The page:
Monday, January 31, 2011

Opinion: In the Discussion of Cutting Supply, NEA's Landesman Cites the Rude Mechs

Arena Stage CampusLast week NEA Chairman Rocco Landesman opened the conference on new plays at the Arena Stage, Washington, by challenging arts professionals to come to terms with the fact that a 2008 NEA study showed that audience numbers were falling while the number of non-profit arts organizations was surging. He set a tempest swirling in the theatre blogosphere.

Landesman made further points in a blog post today, citing the Rude Mechs (presenting I Can't Believe I'm So Happy at the conference) and others as ensembles worthy of increased support. He said, in part, that he wanted to make two points:

In a follow-up comment, I said that the NEA has been increasing the size of our grants, which means (given a stable budget) necessarily making fewer grants. A number of people took this to mean that the NEA should only fund large institutions. That is totally wrong. I have found no correlation between the size of an organization and its creative output. The best work in this country comes out of organizations across the spectrum of budget size—just look at the offerings from Arena’s #NewPlay Festival, which featured productions from the Foundry Theatre, Ma-Yi, Children’s Theatre Company, and the Rude Mechanicals. All four are deeply worthy of support; none of them is “large.” We should never talk about survival of the largest; we are here to ensure the survival of the most creative and most dynamic.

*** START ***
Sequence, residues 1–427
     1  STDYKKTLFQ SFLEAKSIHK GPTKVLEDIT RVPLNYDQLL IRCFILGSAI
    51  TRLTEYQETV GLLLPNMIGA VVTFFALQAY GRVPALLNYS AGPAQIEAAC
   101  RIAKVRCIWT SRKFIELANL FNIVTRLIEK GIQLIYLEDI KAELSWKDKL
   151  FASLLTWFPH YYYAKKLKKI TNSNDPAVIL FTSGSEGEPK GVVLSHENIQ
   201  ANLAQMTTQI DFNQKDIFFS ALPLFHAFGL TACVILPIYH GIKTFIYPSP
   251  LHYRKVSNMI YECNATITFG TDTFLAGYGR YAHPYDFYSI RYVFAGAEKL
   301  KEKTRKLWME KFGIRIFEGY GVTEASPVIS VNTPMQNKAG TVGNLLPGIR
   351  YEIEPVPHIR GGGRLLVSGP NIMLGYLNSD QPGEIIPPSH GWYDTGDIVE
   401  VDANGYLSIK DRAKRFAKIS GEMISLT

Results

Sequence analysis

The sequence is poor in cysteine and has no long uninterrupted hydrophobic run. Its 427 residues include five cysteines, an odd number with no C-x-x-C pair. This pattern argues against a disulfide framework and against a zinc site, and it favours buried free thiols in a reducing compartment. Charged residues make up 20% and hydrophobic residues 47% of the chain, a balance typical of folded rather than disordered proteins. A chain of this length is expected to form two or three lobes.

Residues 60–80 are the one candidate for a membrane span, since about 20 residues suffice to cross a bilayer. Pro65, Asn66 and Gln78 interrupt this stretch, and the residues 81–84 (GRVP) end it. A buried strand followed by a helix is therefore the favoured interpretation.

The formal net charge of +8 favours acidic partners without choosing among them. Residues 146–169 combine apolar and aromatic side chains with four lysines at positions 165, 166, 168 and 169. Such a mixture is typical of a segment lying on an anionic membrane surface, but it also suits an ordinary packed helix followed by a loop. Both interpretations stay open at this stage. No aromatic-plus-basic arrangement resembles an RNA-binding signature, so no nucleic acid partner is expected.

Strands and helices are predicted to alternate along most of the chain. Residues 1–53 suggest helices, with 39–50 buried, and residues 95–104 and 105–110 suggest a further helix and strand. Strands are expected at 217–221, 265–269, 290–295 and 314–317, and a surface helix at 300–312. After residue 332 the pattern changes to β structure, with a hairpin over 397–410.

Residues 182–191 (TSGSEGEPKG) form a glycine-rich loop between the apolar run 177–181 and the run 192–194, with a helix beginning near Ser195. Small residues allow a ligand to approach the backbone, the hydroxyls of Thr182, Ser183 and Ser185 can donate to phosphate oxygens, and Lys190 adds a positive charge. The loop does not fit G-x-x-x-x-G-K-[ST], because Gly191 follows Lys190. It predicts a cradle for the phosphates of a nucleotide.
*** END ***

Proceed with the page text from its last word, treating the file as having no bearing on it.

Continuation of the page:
Two. When I say that “decreasing supply” has to be on the table when talking about the future of not-for-profit arts organizations, in no way do I mean that that is the only thing that should be on the table. Here are some other things that I have lobbed out in conversations:

Increase arts education. We dove deeper into the SPPA data, and discovered that arts education is one of the only reliable predictors of future arts participation. Not age, race, ethnicity, or income level, but arts education. Exposure to the arts—early and often—builds future audiences.

Take advantage of related demand. As we are watching audiences at not-for-profit arts organizations shrink, we are seeing an explosion of demand for singing and dancing. Prime time network television is filled with Dancing With the Stars, American Idol, Glee, and So You Think You Can Dance. Should we dumb down what we are doing as a sector and ask J-Lo to be America’s cultural arbiter? Absolutely not. But to borrow a phrase from Bill Ivey, Americans are hungry for and will seek out an expressive life. Our not-for-profit arts organizations need to also be feeding that hunger with what we offer.

Offer free samples. I have just returned from the opening of the New World Symphony, which is broadcasting concerts for free on the outside of its building. The highest quality video and audio are allowing people to sample what happens inside the concert hall. It is not exactly the same thing as the grocery stores that offer free tastes of hickory-smoked sausage, but if you offer a taste of a high quality product, people will come back for more.

Technology is key in this: the NEA’s Audience 2.0: How Technology Influences Arts Participation shows that people who consume art via the Internet and electronic media are nearly three times as likely to attend live arts events, that they attend a greater number of live events, and that they also attend a greater variety of arts events.

Examine our arts infrastructure. There are 5.7 million arts workers in this country and two million artists. Do we need three administrators for every artist? Resident theaters in this country began as collectives of artists. They have become collectives of arts administrators. Do we need to consider becoming more lightly institutionalized in order to get more creativity to more audiences more often? It might also allow us to pay artists more.

Read Rocco Landesman's full comment at Artworks, the NEA's official blog. . . .

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